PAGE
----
A Vegetable Butcher! Wonder What Someone Will Create Next...
This morning at the Lexington Farmers Market I watched the set-up for a cooking competition, along with the much more elaborate set-up, mid-Pavilion, for what appeared to be a verrrry large upcoming Spotlight Lexington Festival band. I thought about the many uses of food: sustenance, entertainment, art, near-religion (vegan/carnivore; real sugar/no sugar/zero calorie sweeteners), comfort, travel magnet, economic engine, and more. Part of that "more" is wonder.
Wonder -- and laughter -- came to me when I read this New York Post story last week: Food factory girl: Food artist and Warhol "kid" will prep and chop your dinner salad. In Eataly, the extravagant new 42,500 square foot Italian market/restaurant space in Manhattan, food installation/happening impresario Jennifer Rubell butchers vegetables to order for customers who then, we assume, take them home and cook them. Rubell's stint as the nation's first vegetable butcher is temporary, but apparently Manhattanites willing to wait through Eataly's lines can expect the vegetable butchery service to continue after her stint ends.
Those of us who have enough food are unlikely ever to exhaust the ways we play with it. Crowds of Kentuckians and visitors have been eating festival foods in our streets the last three weekends, enjoying outdoor and indoor harvest and farm-to-table events, eating astonishing prestige foods at high-end dinners, buying from our regular suppliers, cooking at home, eating out -- and then here's Jennifer Rubell, doing something else with and about food and the ways it intersects with art. Here's the opening sentence from her bio: "Jennifer Rubell creates participatory large-scale food projects that are a hybrid of performance art, installation art, and happenings."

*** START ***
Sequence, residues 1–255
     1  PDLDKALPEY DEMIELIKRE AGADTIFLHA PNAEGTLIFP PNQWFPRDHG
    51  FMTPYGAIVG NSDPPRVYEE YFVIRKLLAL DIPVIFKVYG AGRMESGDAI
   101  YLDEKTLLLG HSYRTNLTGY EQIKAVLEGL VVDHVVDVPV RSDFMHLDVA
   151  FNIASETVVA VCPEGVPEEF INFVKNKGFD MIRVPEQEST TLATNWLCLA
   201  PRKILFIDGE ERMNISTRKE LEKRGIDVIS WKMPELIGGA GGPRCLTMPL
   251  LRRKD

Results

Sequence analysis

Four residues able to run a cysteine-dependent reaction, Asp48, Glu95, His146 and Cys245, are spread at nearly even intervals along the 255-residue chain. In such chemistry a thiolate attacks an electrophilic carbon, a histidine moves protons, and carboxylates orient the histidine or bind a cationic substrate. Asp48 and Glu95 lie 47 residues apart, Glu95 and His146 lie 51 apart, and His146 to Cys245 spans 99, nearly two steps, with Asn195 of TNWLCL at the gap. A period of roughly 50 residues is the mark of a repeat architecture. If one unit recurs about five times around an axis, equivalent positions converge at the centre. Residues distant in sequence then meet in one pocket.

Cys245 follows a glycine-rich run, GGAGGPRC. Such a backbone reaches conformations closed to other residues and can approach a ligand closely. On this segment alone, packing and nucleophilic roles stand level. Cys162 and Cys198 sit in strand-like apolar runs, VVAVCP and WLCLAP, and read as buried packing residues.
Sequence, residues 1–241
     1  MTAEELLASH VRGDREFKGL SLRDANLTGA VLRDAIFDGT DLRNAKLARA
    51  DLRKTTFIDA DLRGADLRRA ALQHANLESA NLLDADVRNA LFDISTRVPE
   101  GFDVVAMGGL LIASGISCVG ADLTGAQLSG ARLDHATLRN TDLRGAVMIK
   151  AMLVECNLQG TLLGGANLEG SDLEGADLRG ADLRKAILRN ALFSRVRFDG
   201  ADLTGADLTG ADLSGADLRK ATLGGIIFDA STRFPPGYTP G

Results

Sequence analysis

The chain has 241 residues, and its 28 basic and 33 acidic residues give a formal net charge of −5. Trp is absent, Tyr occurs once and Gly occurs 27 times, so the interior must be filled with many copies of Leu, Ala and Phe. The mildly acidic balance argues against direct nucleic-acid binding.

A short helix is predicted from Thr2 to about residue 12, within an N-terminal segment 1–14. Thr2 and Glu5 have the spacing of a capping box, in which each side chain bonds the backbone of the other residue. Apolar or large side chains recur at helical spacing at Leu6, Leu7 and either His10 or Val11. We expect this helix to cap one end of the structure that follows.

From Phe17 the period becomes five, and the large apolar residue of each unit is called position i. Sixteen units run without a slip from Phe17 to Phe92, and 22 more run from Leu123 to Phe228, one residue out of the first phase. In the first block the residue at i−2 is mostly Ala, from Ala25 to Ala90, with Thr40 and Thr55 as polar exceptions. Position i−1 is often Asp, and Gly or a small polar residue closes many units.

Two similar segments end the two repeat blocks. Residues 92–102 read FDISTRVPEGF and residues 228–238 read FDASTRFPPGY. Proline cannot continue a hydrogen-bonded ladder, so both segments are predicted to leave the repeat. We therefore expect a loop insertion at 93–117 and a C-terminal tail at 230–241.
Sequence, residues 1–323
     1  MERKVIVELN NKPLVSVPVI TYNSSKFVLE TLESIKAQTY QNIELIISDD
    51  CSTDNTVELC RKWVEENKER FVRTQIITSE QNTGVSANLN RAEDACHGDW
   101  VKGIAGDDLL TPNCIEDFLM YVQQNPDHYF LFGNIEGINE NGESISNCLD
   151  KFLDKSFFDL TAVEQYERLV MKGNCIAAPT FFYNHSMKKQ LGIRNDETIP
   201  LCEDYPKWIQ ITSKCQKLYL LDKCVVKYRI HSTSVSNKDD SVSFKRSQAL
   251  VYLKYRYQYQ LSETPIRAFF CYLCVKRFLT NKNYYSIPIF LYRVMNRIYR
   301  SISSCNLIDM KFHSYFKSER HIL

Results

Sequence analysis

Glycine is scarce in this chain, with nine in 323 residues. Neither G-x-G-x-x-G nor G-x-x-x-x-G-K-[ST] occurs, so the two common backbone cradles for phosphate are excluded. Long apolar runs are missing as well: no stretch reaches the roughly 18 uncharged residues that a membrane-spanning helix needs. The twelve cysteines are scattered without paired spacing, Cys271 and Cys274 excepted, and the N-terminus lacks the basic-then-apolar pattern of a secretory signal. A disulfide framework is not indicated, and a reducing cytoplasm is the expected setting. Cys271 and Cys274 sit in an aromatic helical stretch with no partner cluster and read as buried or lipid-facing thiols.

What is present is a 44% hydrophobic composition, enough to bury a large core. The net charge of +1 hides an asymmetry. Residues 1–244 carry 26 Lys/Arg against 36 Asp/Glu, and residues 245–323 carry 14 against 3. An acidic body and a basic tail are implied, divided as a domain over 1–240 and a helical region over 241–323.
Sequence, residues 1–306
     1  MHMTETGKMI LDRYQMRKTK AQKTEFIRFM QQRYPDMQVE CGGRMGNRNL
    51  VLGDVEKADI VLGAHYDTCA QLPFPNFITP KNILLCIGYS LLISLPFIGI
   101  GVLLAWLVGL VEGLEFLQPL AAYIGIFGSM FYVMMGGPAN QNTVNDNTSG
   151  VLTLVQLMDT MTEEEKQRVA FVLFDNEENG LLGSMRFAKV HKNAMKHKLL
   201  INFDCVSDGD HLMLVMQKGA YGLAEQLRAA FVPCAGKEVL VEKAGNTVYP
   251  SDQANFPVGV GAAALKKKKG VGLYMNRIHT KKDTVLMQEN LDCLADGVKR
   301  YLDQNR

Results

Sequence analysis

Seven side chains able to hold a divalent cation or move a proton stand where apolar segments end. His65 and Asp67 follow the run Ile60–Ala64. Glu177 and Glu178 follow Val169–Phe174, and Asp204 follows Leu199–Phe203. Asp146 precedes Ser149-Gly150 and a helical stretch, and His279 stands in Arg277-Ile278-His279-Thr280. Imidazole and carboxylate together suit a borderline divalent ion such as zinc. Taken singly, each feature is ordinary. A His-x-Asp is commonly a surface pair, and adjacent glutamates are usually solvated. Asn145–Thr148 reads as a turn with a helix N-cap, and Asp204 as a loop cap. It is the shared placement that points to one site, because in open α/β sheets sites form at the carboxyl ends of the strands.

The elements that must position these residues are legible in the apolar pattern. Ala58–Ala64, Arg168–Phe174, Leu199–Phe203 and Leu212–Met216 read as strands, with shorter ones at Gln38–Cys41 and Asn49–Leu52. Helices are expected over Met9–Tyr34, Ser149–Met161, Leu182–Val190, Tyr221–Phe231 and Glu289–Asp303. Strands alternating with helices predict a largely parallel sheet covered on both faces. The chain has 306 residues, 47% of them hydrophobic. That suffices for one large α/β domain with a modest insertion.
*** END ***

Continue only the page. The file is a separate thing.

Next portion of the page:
I enjoyed two other pieces as well. First, this story from mindbodygreen.com: Q & A with Jennifer Rubell: Cookbook Author, Food Artist, Vegetable Butcher, and this from newyork.grubstreet.com: Eataly's Vegetable Butcher Revealed.
Although most of us Kentuckians will likely continue being our own vegetable butchers, perhaps the artful spotlight Rubell and Batali/Bastianich are shining on vegetables will add needed momentum to the adventure we are on toward eating more veggies. Even if not, I enjoy the laughter and wonder over our creativity, and our perpetual fascination with food.
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The world is coming to visit central Kentucky this year for the Alltech FEI World Equestrian Games. To help our visitors know more about Kentucky's food and food ways, Savoring Kentucky is rolling out 116 Savory Kentucky Bites, one for each of the 100 days before WEG begins, and 16 for the days during WEG, September 25 - October 10. Today's Savory Bite is number 101.